Bizet ploughed on. He entered various competitions, but his submissions went nowhere. He revised Roma, which was performed in 1869. He considered, and rejected, various operatic subjects, though he started work on two of them. In June of 1869 he married Geneviève, the daughter of his former composition professor, Jacques Fromental Halévy, and set about finishing Noé, the opera his father-in-law had left unfinished at this death in 1862; he did complete it towards the end of 1869, but the opera was not performed until 1885, and then only in Karlsruhe. Perhaps this is as good a place as any to note that the Ludovic Halévy who co-wrote the libretto for Le docteur Miracle, Bizet’s first operatic success, and who would later write, with Meilhac, the libretto for Carmen, was first-cousin to Geneviève.
Life in Paris, including that of the musical and theatrical variety, came to a halt with the outbreak of the Franco-Prussian War in July 1870. Some of you will remember that the resulting siege of Paris delayed the premiere of Verdi’s Aida in Cairo. With the return of normality in the summer of 1871, Bizet was appointed Chorus-Master at the Paris Opéra, but, for reasons that are not at all clear, he lasted only a month. He resumed work on his pre-war operatic projects, one of which seemed destined for production at the Opéra-Comique, until, as so often happened with Bizet, destiny decided against it. But the year was not a complete compositional desert. Jeux d’enfants is a delightful set of a dozen pieces for four hands at one piano, five of which he orchestrated. Djamileh was produced in May, 1872, at the Opéra-Comique as part of a triple bill of one-act operas. Its companions were La princesse jaune, the first staged opera by Camille Saint-Saëns (who went on to write Samson et Dalila; various orchestral tone-poems and concertos; and three Symphonies, the last of which is known as his “Organ Symphony”) and Le Passant by Émile de Paladilhe (both opera and composer virtually unknown these days). After eleven performances of what seems to have been a production badly staged and dismally sung, France ignored the opera for some sixty years: admittedly a one-act opera is difficult to slot into an Opera House’s schedule, and it was seventeen years before Sweden staged it in 1889; Rome saw it the following year. Gustav Mahler introduced it to Hamburg in 1892 and, as Chief Conductor of Vienna’s Hofoper (today’s Staatsoper), conducted 19 performances there over a five-year period. Richard Strauss also admired the score.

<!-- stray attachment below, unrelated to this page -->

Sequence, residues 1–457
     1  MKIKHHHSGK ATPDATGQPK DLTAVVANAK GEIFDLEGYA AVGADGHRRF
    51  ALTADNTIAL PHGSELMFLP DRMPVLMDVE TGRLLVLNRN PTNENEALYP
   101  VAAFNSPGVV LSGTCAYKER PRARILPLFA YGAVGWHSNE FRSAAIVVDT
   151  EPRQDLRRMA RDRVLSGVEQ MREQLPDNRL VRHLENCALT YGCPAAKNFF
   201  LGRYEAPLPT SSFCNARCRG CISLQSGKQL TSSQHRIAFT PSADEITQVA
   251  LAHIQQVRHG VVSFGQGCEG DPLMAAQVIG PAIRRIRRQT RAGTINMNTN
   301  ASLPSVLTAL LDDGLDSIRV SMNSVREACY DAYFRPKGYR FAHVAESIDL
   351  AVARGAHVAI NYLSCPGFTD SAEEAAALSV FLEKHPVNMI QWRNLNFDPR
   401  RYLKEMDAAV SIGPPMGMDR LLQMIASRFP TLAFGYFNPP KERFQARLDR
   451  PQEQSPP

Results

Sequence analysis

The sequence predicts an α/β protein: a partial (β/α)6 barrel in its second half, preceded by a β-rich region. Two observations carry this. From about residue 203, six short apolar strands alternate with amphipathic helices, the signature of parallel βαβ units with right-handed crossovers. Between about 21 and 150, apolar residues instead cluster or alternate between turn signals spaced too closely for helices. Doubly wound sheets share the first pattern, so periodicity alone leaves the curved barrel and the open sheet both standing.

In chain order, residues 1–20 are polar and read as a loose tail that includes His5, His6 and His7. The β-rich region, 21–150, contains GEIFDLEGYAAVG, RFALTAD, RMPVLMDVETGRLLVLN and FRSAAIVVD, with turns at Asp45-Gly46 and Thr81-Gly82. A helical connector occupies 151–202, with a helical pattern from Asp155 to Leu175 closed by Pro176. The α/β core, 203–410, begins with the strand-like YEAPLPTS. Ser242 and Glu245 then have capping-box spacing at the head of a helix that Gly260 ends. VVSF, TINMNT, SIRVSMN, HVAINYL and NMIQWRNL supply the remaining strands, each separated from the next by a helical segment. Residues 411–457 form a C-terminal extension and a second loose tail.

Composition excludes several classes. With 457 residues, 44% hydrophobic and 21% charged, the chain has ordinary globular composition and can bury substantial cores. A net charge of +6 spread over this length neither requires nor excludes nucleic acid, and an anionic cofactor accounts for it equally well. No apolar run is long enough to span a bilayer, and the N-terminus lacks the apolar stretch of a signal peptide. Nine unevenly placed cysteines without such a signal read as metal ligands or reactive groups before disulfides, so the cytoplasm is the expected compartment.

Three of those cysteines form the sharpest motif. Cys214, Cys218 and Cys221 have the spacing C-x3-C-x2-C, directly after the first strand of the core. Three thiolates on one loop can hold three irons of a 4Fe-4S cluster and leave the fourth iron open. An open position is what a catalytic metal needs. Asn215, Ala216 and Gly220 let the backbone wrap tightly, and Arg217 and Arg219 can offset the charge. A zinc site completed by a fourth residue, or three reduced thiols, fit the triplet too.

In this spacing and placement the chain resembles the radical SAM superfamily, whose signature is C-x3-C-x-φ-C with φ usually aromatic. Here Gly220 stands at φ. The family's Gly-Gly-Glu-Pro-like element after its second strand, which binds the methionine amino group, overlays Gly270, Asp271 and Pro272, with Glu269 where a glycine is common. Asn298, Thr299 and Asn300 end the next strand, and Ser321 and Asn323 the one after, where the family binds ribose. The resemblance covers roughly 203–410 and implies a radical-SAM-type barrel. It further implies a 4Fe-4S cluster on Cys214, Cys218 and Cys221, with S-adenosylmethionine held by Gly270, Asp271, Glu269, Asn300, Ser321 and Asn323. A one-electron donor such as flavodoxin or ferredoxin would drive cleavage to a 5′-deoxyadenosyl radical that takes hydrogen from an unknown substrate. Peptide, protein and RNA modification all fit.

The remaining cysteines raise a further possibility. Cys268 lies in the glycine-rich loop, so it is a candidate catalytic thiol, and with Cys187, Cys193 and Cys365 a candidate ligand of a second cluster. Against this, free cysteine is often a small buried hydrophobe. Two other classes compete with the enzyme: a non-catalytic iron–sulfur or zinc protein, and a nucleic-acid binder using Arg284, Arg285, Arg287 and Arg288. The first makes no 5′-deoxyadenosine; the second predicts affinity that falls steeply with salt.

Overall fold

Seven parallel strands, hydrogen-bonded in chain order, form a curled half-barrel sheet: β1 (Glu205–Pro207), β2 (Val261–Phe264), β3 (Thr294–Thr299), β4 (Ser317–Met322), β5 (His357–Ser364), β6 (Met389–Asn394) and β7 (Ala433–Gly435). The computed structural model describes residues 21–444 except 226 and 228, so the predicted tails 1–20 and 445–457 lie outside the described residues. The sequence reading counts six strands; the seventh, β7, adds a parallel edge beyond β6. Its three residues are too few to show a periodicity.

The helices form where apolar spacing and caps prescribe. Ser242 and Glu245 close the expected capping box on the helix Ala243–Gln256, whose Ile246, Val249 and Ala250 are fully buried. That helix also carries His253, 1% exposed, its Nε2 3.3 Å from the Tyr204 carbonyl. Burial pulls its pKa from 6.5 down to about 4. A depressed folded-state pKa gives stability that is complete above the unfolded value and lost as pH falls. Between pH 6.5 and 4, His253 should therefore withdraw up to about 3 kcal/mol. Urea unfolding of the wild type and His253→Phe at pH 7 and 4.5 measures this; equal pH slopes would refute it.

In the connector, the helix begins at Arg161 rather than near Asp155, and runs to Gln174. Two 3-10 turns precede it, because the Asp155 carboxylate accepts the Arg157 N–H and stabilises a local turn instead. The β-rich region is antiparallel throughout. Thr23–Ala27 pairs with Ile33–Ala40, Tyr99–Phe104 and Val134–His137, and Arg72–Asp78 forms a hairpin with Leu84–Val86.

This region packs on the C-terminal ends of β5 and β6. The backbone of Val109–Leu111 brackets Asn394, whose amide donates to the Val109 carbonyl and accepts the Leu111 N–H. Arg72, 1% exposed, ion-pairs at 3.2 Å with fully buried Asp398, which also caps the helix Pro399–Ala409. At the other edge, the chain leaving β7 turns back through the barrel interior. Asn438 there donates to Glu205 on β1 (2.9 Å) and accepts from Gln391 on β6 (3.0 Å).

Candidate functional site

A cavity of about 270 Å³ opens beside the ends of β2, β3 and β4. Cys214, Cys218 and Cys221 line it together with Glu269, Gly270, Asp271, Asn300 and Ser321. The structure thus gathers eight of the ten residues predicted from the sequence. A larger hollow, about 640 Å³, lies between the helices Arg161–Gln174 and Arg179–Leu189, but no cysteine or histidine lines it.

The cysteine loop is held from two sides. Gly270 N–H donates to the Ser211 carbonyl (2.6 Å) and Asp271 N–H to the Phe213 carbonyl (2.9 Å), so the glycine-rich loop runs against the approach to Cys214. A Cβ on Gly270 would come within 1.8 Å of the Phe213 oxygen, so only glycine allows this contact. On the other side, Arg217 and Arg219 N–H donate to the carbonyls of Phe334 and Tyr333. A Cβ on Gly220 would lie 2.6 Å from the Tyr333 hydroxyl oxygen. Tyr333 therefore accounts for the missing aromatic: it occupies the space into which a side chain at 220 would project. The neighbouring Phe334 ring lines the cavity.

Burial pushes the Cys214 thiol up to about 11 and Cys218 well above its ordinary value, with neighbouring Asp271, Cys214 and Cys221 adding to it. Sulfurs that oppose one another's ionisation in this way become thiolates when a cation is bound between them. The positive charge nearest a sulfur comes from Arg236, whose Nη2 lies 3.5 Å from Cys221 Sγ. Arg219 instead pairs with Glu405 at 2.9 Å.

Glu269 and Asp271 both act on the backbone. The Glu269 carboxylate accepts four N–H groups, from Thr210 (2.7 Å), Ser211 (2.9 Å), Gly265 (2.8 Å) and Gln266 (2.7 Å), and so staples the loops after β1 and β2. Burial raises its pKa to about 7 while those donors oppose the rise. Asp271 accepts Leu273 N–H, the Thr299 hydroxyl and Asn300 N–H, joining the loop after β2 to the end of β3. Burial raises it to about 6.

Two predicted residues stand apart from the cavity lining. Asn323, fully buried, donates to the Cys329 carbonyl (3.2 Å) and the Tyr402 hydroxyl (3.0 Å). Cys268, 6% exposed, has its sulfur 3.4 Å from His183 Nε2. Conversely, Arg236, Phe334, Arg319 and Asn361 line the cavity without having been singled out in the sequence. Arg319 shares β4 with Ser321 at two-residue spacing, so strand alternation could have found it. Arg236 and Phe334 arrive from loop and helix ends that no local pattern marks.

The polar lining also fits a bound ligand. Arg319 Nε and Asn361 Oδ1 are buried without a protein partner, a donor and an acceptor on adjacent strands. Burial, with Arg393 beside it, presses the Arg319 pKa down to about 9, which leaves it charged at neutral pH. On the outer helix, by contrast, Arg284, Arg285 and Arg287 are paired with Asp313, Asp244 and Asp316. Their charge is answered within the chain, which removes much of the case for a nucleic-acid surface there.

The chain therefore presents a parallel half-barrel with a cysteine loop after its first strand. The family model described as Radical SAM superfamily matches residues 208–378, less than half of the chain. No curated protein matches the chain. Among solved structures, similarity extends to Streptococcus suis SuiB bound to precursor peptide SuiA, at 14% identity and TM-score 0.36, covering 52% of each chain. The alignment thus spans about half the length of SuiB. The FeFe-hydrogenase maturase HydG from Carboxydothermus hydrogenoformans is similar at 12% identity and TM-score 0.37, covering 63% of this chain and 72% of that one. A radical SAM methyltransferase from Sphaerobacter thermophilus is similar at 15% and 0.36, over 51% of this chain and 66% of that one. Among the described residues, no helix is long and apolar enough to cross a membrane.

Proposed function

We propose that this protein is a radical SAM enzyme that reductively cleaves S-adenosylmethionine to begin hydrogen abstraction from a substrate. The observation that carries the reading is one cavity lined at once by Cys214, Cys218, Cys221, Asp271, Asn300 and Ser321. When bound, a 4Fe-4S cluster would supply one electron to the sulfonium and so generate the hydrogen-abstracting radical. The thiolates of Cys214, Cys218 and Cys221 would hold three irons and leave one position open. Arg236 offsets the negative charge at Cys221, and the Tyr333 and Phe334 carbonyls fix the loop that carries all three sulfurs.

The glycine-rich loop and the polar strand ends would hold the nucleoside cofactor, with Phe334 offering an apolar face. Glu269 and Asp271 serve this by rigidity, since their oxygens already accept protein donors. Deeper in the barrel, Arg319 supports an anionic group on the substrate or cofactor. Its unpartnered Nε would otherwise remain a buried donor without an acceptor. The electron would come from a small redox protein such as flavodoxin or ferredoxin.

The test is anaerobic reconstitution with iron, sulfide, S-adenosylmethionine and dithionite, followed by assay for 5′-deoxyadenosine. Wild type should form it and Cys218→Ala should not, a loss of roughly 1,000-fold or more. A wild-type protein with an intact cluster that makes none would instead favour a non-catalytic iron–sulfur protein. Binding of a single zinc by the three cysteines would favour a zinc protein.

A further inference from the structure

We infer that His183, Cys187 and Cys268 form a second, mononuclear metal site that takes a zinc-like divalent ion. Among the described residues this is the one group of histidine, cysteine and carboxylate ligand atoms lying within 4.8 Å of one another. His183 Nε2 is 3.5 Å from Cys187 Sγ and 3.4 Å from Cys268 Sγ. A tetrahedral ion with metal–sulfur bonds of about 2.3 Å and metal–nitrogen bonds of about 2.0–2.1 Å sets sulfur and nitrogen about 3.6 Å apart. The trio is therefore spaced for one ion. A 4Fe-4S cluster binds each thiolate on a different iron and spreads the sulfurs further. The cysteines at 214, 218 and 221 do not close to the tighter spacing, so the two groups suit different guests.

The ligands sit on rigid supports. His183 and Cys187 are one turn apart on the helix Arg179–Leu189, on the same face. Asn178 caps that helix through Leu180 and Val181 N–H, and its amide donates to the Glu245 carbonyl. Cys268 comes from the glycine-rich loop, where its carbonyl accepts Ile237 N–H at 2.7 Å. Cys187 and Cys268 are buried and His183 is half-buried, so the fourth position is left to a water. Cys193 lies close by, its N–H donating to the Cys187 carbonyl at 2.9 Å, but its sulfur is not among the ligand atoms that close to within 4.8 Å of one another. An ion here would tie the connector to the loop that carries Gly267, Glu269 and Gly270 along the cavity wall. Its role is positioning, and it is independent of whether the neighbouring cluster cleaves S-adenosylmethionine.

Carvalho did not lose faith in the young composer and commissioned him to write music for a play he was producing at the Vaudeville Theatre. It was L’Arlésienne, by Alphonse Daudet, which opened on October 1, 1872. The music was considered too complex for the drama, but Bizet arranged four of the numbers into an Orchestral Suite, which was a success in the concert hall the following month. Footnote (if we had such things!): Daudet’s play was the basis of Francesco Cilea’s L’arlesiana, which premiered at Milan’s Teatro Lirico in November, 1897; we know the opera today only from its haunting tenor aria “È la solita storia del pastore.” And if we recognize Cilea’s name at all, it’s as the composer of Adriana Lecouvreur (1902), a well-crafted piece beloved by sopranos “of a certain age,” though only they can command a production, which is a pity: the opera is better than its leading lady!
The poor reception of Djamileh did not deter the directors of the Opéra-Comique – Adolphe de Leuven and Camille du Locle – from commissioning from Bizet, at some time in the future, a full-length opera to a libretto by Ludovic Halévy and Henri Meilhac. Subject undecided. Which could not even be considered until after the Opéra-Comique’s revival of Gounod’s Roméo et Juliette, scheduled for January 1873. The composer, still in London (he had moved there at the outbreak of the recent war), expressed full confidence in Bizet’s ability not only to prepare, musically, the production, but also to incorporate the various revisions made after its first production in 1867. This required composing additional measures; re-composing others; and orchestrating those “new” sections.